Bell County, Kentucky and Forsyth County, North Carolina will be receiving their share of Castleton hospitality later this month.
Student members of the Castleton Rotaract and Habitat Clubs saw Spring Break as the perfect opportunity to branch out and offer help to communities outside of Vermont.
The Rotaract Club will be traveling to help in one of the poorest counties in the United States, Bell County, which has a median income between both parents of under $10,000 per year.
The Habitat Club will be bussing down to Forsyth County. Each club’s affiliates, the Fair Haven Rotary Club and Habitat for Humanity of Rutland County, respectively, helped their collegiate contemporaries determine what areas of the country needed help most.
This year marks the fifth year the Habitat Club has volunteered outside of Vermont, and second year for the Rotaract Club.
Last year, in only its second year as a Castleton club, Rotaract students went all the way to Honduras, bringing in tow 11 suitcases worth of everyday necessities we may take for granted here in America. The trip was in association with the foundation Pure Water for the World, and the club members also helped to build a school and paint a rehabilitation center while there.
“Last year was more of a relief trip. It really helped supplies-wise and it was also just emotionally good for people to see, ya know, people really do care,” said Rotaract President Danny Warnecke.
For this year’s trip, the club is doing something similar to what Habitat for Humanity does, which is building houses for families in need.
“So our mission (in Kentucky) is to take this family home and pretty much just bring it back to life. We’re putting new siding on, we’re going to be putting an entire new roof on, we’re going to be replacing a lot of windows and doors and I think we’re going to be doing a few minor projects on the inside as well,” Warnecke said.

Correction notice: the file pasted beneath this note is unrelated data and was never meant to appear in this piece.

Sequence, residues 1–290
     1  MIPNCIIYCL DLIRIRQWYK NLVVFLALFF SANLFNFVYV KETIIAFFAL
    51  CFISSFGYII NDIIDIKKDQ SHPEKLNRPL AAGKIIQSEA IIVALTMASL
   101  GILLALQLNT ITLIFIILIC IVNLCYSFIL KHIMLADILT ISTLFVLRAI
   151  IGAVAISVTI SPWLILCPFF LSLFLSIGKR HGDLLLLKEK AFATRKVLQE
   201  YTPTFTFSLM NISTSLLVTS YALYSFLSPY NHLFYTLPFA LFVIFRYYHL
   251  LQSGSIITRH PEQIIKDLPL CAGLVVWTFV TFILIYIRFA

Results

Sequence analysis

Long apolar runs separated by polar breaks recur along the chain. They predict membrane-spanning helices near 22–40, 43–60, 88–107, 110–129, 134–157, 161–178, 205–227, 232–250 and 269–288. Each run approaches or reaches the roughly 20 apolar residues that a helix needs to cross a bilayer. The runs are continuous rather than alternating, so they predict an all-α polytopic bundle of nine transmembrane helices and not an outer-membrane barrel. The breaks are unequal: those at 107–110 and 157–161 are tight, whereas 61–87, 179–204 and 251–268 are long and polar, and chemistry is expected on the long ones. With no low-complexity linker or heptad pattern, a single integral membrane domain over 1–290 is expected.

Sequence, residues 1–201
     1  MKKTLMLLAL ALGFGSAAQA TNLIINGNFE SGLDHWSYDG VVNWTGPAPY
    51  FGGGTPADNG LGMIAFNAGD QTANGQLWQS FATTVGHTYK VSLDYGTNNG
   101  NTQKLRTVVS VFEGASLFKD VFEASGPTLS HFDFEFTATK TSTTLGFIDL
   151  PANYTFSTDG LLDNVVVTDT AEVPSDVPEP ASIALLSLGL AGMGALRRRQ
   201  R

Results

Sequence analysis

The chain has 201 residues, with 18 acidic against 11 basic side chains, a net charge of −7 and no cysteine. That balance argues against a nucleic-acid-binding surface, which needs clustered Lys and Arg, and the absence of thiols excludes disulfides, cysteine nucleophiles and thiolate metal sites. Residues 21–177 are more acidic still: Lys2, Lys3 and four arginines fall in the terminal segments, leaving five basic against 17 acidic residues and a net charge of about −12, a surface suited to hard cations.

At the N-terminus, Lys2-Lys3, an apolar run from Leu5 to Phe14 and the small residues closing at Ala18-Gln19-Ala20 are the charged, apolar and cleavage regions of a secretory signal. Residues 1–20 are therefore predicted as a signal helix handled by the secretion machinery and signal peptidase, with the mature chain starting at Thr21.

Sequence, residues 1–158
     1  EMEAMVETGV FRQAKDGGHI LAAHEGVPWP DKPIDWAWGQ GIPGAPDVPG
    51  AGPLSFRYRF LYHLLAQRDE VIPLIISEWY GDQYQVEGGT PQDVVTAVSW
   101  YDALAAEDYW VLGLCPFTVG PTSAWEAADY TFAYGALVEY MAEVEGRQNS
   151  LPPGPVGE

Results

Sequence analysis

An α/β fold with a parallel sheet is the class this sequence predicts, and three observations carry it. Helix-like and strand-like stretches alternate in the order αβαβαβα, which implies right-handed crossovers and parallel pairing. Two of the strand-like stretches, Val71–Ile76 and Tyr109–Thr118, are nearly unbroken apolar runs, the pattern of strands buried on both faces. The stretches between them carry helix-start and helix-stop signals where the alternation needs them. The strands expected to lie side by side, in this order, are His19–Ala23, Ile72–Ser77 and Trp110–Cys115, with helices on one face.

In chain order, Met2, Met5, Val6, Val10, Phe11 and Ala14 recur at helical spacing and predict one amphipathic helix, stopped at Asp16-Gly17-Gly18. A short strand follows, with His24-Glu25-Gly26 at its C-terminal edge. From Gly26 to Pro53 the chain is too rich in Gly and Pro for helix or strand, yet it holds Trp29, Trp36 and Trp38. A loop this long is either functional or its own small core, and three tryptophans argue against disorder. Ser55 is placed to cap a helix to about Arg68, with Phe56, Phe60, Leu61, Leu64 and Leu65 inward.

For the Habitat Club, this will be their second year helping in North Carolina. The club over the years has visited and built homes in Tennessee, Kentucky and Georgia. This year’s trip holds immense significance, however, because when club members arrive back, they will have completed over 1,000 hours volunteering with Habitat for Humanity.
The accomplishments each club has achieved warrant great pride, but Warnecke and Habitat President Kelly Mills had very similar, humble reactions when asked why they do what they do.
They shifted their eyes to the ground, or to the ceiling, lost in thought and recollection of all of the selfless reasons why they joined their clubs.
“I really enjoy seeing the looks on the house recipients’ faces when their house is finished and when we’re working alongside them. It’s really, I don’t know, comforting to me … I’m helping somebody achieve something that they probably thought could never be possible for them,” Mills said.
Warnecke gave comparable reasoning, adding that his family always encouraged him to be involved with his community and his religion also inspires him to try and help other people.
Months upon months of planning and fund-raising are essential to making trips happen. With the countdown dwindling down, club members can’t help but be anxious and excited.
“What I’m most excited for about the Kentucky trip is the look on people’s faces when they realize that the unhealthy home they have been living in is now re-done and safe to live in again,” said Rotaract Club member Elly Zelazny.
Others love the feel of completion when the project is finished.
“For this upcoming trip to North Carolina, I’m most excited about building. Last year when we arrived on the site on day one it was nothing but a concrete slab and by the end of the week we were able to lock the front door. It’s incredible to see how much progress a group of 20 people can accomplish in a short amount of time,” said Habitat Club fund-raising coordinator J’Leen Diaz. “It makes it even more worthwhile knowing that we are doing it for a family.”
The presidents of both clubs gave credit to their club members. Warnecke said much of what makes the experience of the club so enjoyable is the great individuals he gets to work with. The trips also allow club members to better get to know and bond with each other, while working together to accomplish the same common goal.
“Everybody’s just so willing to help other people and it’s not something you really typically see. I mean yeah, friends help friends out, but this is helping strangers, people you don’t even know or you won’t even have contact with ever again. So it’s just different, it’s really nice,” Mills said.